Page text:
I also finished the sewing part of layer two, although it needs to be thoroughly distressed before it’s technically complete. This layer is far more costume construction than historical, using a half yard of the fashion fabric, with tulle for the rest, which will be hidden by the overskirt. The same two-part waistband structure is there, but I sewed a channel for the ties and gathered the center by way of stringing the bias tape through, then tacking the ends so it doesn’t spread out again. It’d be a bit unwieldy for cotton, but works well for the light-weight net. The hem (or lack thereof) will be even more uneven by the time it’s fully distressed.
I’ll try to post more progress posts before Halloween, if I can do so without plot spoilers. Otherwise, you’ll just have to wait until November!
I had a very hard time figuring out how to quilt my F-word quilt. The final quilt looks a lot like my original sketches, but I made and then scrapped many other plans in between. A persistent idea with the quilt was obfuscation—hiding or obscuring the fact that someone is a feminist, whether because they have their own hangups with the word or because they don’t want to deal with societal baggage of calling themselves a feminist.
In that vein, iterations of the quilt plan involved quilting in “feminist” in binary, riffing on the equal sign pieced section (there, yellow is 0, black is 1), but couldn’t work the quilting in a way that seemed right. I also liked the aesthetic and suggestive meaning of quilting “feminist” spelled out in braille, but struggled with feeling like that was cultural appropriation. Both methods would clearly spell out the word, yet be illegible to most viewers.
A later plan involved quilting in quotes and definitions. This involved a lot of font-based machine embroidery that was ultimately too technically intricate for my tastes. I was able to create embroidery fonts of text outlines using free software that came with my machine, but the font kerning was horrendous, so I would have had to lay out each individual letter on my machine. I also never fell in love with a layout.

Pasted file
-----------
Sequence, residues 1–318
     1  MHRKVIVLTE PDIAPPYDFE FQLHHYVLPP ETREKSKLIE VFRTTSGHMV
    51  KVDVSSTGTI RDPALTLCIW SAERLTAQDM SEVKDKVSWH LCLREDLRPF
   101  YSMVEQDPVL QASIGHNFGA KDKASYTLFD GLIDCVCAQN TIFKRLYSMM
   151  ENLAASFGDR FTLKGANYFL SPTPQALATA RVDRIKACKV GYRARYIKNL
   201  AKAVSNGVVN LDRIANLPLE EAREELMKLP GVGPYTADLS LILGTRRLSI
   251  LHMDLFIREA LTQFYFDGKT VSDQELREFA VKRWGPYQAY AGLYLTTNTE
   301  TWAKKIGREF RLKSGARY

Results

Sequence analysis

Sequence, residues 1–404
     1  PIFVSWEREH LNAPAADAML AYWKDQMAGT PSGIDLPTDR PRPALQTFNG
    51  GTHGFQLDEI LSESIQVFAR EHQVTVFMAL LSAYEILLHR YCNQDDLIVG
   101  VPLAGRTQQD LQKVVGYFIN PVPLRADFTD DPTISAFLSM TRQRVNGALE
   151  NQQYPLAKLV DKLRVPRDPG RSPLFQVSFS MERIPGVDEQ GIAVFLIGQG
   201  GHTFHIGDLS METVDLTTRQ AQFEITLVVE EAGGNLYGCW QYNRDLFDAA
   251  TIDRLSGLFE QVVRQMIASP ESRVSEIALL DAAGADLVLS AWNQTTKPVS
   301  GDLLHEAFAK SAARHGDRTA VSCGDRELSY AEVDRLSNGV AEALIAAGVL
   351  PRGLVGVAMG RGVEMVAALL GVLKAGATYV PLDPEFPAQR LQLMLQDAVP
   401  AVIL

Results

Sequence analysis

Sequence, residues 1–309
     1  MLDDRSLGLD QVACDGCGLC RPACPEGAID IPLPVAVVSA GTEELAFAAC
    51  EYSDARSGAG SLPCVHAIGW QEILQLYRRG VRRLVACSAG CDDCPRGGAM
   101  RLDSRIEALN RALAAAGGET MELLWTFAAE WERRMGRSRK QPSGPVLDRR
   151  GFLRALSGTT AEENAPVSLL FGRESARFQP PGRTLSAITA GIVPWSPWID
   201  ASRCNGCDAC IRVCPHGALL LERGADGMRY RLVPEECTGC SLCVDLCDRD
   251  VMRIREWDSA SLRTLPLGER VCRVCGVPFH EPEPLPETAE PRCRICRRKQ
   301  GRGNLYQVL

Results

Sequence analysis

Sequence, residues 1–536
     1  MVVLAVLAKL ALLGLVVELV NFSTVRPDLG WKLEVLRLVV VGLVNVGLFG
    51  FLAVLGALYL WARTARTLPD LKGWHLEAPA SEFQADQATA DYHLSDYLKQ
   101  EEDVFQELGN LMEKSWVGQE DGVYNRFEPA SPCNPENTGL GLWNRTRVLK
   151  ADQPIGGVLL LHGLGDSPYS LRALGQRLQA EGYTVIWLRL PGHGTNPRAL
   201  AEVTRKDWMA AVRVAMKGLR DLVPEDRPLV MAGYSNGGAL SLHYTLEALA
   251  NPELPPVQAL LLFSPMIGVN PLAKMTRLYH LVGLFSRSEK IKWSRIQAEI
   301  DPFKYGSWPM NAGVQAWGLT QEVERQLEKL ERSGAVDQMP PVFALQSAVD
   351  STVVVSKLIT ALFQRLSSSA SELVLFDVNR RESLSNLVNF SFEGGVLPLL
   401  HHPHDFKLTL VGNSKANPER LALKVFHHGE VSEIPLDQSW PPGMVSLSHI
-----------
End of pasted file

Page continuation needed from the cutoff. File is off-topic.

I liked the interplay between anti-feminist quotes from celebritized dogmatists and pro-feminist quotes from celebrities, and sometimes wish I’d been able to work it in.
“The feminist agenda is not about equal rights for women. It is about a socialist, anti-family political movement that encourages women to leave their husbands, kill their children, practice witchcraft, destroy capitalism, and become lesbians.”
“People feel removed from sexism. ‘I’m not a sexist, but I’m not a feminist.’ They think there’s this fuzzy middle ground. There’s no fuzzy middle ground. You either believe that women are people or you don’t. It’s that simple.”
I scaled back, thinking perhaps I’d use just the definition of feminist and feminism, but it was still too technically finicky in a way that wasn’t speaking to me. Perhaps the story would be different if I had a $3k embroidery software suite.
The advocacy of women’s rights on the grounds of political, social, and economic equality to men.
A person who supports feminism.
In the end, I used machine embroidery to quilt the letters that are starred-out, and freehanded “F––t” in the partial equality sign in the top right. The remaining quilting is straight lines and single echoes of the pieced shapes, using a lack of quilting to outline a second equality motif for a bit of visual balance. A well-placed black-stitched toroid turns the ‘t’ in “Feminist” into the cross found on the astrological symbol for Venus, widely considered the “female” symbol.
Finally, a hand-quilted “Feminist” overlaps the machined “F––t”, bringing the word to the front of the quilt in a visible, rebellious way—no infanticide or witchcraft needed.
The end result is a quilt whose front is inspired by “Votes for Women” sashes for color, with a nod to technology in the binary piecing, and a visible representation of the censorship that is so rampant when one discusses equal rights for women. The back brings to mind my grandmothers’ decor (complete with my childhood baggage of anti-feminist sentiment), yet has the word feminist clearly displayed.
I don’t give a fuck about using or hearing a bit of blue language. In fact, whether such words are truly profane, taboo, or vulgar could be an entirely different essay that I’m not nearly pious nor pedantic enough to write (there are far more interesting things to hold sacred). Four letter strings can often sum up sentiment in an unparalleled way.